Jason Goodwin tells the tale of partwork magazines, from the A-Z of British silver, the First World War and, perhaps ill-conceived, the permutations of love.
My aunt Miranda is a woman of many talents. A writer, humourist, gardener and serial fixer-upper, she has made her home in a riad (called Maisie) in deepest Marrakech, a Spanish finca and an Umbrian vinegar factory, all of which have provided her with material for a succession of funny books. She is currently settled in Hastings, the Upper East Side of the south coast. There, as an accomplished yogi, she can stand on her head for hours on end, wiggling her toes in the sun.
Close to the outset of a busy career, Miranda got a job with a company producing partwork magazines. Heavily advertised on TV and radio, the first few numbers in a series were sold at the newsagent, enticing you to become a subscriber, whereupon you were fed a new magazine every week, adding up to an A to Z of English silver, say, or the history of the First World War or gardening. You were frequently reminded to buy a special binder to keep them all in and everyone was happy.
‘It would build week by week into a tasteful catalogue of transmissible diseases and sexual positions, from Anchovies on Toast to Zapata’s Moustache’
It was the same principle that got Dickens writing his novels for Household Words. Like Basildon Bond, telephone directories, faxes, getting lost, record shops and pocket calculators, partworks were eventually mostly killed off by the internet, but, while they lasted, they were a profitable way of selling encyclopaedias, bit by bit.
You might assume that all 98 weekly parts were already written and compiled – even copied out of real encyclopaedias – before the publishers turned on the tap and released them to the public, but, apparently, that wasn’t the case.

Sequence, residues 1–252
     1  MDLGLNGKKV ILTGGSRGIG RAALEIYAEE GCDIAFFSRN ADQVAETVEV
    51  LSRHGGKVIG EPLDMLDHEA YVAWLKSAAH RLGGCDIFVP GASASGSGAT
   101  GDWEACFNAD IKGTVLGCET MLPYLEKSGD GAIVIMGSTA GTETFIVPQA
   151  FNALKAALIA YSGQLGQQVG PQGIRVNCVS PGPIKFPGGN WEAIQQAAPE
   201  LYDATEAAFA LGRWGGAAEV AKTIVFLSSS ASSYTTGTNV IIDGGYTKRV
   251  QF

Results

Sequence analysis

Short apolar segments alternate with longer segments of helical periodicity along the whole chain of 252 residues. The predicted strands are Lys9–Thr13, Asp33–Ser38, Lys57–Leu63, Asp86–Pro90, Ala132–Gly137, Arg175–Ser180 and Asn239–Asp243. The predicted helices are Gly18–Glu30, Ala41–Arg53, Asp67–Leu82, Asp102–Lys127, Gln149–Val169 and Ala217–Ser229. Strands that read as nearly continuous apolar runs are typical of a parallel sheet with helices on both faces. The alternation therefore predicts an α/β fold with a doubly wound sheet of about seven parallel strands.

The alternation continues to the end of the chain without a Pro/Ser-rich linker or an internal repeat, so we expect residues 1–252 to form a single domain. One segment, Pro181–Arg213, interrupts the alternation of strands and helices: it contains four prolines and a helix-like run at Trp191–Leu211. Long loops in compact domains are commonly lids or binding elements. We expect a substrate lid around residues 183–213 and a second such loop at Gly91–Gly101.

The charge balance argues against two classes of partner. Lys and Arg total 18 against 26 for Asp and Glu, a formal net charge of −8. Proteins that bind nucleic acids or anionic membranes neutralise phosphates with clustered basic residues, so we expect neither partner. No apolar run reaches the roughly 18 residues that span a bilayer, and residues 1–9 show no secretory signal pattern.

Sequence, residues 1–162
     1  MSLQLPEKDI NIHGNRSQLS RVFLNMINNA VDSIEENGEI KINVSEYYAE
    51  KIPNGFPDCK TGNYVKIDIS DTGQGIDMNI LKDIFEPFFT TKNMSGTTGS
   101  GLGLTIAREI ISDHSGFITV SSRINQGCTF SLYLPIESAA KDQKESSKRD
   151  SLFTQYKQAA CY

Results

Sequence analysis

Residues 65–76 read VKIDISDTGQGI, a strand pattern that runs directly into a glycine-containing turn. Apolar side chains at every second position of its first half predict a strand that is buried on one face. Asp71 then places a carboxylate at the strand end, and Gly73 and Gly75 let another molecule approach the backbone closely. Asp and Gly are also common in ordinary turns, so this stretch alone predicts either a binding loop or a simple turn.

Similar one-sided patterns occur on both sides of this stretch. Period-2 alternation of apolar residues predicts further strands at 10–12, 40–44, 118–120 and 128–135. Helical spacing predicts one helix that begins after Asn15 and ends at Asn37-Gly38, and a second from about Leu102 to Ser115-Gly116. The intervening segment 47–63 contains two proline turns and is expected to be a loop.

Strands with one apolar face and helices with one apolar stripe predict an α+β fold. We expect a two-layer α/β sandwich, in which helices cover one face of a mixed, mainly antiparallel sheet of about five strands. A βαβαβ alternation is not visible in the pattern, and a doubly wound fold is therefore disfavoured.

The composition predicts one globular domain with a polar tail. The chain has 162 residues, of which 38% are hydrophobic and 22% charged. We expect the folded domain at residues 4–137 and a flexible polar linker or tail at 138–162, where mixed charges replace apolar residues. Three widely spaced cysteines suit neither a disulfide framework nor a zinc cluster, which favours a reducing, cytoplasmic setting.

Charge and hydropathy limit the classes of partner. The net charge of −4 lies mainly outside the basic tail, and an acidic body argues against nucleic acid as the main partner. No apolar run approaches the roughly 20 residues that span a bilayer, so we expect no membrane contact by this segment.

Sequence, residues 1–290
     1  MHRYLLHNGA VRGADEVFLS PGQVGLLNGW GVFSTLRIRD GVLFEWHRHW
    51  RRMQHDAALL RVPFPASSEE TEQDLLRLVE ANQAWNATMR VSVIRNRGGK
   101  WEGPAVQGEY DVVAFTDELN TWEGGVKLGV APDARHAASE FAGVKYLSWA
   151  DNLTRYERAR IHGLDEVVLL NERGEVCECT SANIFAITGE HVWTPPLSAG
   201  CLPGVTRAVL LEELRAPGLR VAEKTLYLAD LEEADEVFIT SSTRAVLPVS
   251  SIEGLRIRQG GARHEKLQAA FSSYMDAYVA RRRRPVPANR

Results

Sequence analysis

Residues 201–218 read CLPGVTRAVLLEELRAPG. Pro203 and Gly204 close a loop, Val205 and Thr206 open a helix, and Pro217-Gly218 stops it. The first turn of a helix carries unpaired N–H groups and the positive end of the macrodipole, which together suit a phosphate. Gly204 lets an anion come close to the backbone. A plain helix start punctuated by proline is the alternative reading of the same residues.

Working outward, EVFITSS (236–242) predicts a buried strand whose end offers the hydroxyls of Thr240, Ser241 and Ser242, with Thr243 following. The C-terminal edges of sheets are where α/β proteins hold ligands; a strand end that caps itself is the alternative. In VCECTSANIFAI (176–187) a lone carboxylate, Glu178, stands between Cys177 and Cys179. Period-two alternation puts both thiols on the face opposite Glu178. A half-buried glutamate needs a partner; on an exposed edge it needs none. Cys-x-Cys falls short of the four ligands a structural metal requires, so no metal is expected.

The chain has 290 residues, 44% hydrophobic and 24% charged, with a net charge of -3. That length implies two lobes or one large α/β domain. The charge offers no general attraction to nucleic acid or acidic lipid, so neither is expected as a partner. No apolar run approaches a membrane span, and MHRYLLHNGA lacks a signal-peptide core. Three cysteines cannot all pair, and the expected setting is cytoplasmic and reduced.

The first few issues tested the market, so an unpopular series could be abandoned for something more profitable and greater attention given to a series everyone liked, but, once the die was cast, there could be no turning back.
Come hell or high water, alphabetically ordered articles on European birds or Old Masters would have to be commissioned and illustrated for 98 weeks on the trot.
All was well until the company decided to launch a partwork magazine modelled on The Joy of Sex, promising to detail all the permutations of love from A to Z. There would be advice on health and relationships and it would build week by week into a tasteful catalogue of transmissible diseases and sexual positions, from Anchovies on Toast to Zapata’s Moustache.
The first editorial meetings were predictably hilarious. The office rang with merry banter as everyone boned up on the subject at hand and the picture researchers found themselves unexpectedly popular.
The partworks came out, covering A, B–C, C–D and D, and many subscriptions were secured. Before long, work settled down naturally to the usual routine. Salacious it might be but, at bottom, it was a job that had to be done: entries for E and F coming up and already some suggestions for G.
However, it turned out that there was something curiously sapping about the subject matter. As the weeks turned to months, the joke wore thin. As months became years, the joke was on the very people who compiled the articles. They had to turn up at the office every day, in the rain, worrying about the mortgage, having just been dumped by a lover, and plunge with gritted teeth into articles about sensual transport.
They faked it, of course. In the office, they faked enthusiasm for everything they weren’t getting at home. At home, they faked enthusiasm for what bored them stiff in the office. They all became bitter and depressed, except Miranda, who worked instead on the gardening A–Z and bought the riad in Marrakech with her lover.
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